Voltage required

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I have an external hard drive, taken from an older computer, in a Dick
Smith external enclosure. During a move I got all the transformers mixed
  up and now I do not know whether this requires 12 volts or 16 volts.
Any ideas?

R

Re: Voltage required


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Assuming that this is a desktop type 3.5" drive (not a laptop drive
(2.5")
enclosure all of these I have ever seen since about 2005 from 3
different makers,
are supplied with 12v DC @ 2A (regulated) plugpack
with the centre pin of the DC connector being the positive.

Most laptop drives run from either the USB lead or from an external 5v
plugpack.
(its not impossible that they could use a 6v one and a low drop
regulator or similar?)


If you are concerned and want to play it safe, open it up, remove the
hard drive, apply 12v to unit, and measure the voltage on the power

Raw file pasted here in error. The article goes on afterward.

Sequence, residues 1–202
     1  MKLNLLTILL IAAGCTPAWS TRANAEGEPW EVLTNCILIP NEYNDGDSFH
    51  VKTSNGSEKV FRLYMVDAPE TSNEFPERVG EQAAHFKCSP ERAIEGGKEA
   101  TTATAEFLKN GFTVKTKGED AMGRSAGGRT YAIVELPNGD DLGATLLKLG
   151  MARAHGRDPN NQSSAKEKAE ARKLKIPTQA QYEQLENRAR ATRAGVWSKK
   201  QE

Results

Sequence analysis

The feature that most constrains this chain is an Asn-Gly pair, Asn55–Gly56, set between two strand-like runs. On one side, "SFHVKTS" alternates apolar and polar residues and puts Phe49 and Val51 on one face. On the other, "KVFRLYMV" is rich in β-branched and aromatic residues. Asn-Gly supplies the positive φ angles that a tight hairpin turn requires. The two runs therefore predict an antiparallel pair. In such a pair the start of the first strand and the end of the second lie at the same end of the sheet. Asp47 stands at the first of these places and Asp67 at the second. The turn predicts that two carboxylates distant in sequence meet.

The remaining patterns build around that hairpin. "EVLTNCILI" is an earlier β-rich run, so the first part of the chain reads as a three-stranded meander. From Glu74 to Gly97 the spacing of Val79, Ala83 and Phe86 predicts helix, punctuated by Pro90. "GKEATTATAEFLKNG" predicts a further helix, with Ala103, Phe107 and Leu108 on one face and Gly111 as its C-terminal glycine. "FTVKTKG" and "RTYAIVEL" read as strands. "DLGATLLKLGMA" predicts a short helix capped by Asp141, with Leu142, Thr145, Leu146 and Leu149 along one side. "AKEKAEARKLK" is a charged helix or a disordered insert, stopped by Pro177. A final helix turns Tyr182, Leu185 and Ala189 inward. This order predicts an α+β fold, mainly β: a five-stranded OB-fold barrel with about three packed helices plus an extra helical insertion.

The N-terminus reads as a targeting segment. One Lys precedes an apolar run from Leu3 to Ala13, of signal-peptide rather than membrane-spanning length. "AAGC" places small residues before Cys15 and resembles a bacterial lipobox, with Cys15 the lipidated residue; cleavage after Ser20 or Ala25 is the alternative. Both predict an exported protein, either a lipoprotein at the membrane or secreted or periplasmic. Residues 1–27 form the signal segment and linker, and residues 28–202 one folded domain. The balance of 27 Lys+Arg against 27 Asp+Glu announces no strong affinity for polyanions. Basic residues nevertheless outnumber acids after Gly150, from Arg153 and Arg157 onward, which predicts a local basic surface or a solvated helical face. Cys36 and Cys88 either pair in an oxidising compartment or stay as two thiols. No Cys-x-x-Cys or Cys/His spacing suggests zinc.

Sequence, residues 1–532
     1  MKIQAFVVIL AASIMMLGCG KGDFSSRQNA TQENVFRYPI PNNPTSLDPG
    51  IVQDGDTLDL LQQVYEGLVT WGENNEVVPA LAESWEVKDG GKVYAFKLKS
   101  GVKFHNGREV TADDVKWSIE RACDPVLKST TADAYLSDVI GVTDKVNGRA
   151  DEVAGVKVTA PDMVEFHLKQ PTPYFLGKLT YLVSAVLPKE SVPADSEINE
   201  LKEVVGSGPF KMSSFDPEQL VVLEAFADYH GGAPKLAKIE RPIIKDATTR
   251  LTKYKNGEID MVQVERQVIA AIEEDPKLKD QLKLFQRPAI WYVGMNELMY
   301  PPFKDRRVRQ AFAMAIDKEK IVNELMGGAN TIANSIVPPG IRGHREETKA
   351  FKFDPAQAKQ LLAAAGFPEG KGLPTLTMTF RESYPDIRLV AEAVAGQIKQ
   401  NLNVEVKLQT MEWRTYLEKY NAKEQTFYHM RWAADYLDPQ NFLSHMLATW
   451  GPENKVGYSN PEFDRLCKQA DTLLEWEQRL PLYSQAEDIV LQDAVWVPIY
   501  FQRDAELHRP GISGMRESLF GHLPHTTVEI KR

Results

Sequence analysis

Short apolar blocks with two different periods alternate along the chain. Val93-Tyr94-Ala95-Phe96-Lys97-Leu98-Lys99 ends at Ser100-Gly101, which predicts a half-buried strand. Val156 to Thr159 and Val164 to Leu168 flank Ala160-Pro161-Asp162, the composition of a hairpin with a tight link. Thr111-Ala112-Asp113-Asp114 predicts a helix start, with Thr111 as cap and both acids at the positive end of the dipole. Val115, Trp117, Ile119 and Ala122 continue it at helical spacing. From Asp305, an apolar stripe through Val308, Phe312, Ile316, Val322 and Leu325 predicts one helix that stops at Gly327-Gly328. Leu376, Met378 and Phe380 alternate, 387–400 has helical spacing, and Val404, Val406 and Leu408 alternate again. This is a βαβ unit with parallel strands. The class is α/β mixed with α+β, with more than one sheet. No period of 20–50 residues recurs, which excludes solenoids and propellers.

connector to the hard drive. If it measures correct (+12v and +5v)
then its ok. Install the hard drive and measure again, if it falls
dramatically under load, then its likely not the right plugpack.

Before applying voltages from plugpacks that you arent sure belong to
the unit, check with a meter that the polarity is correct - check the
PCB layout to determine which is ground.
Usually these have internal switchmode regulators to generate the 5v
rail from the 12v input.
the +12v usually runs straight to the hard drive connector (may have a
series diode for protection against reverse voltage).

You can  visually check this to confirm.


Finally, if you know which other item is missing a transformer, and
its a 16v device, then thats more of a clue that the HDD is the 12v
device.  Note also that the HDD plugpack will certainly need to be a
REGULATED supply.

Re: Voltage required


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Most external 3.5" drive enclosures take 12V and 5v from a dual voltage supply
if yours has a socket for a single voltage supply itt's probably for
12v.  these things are usually labeled.



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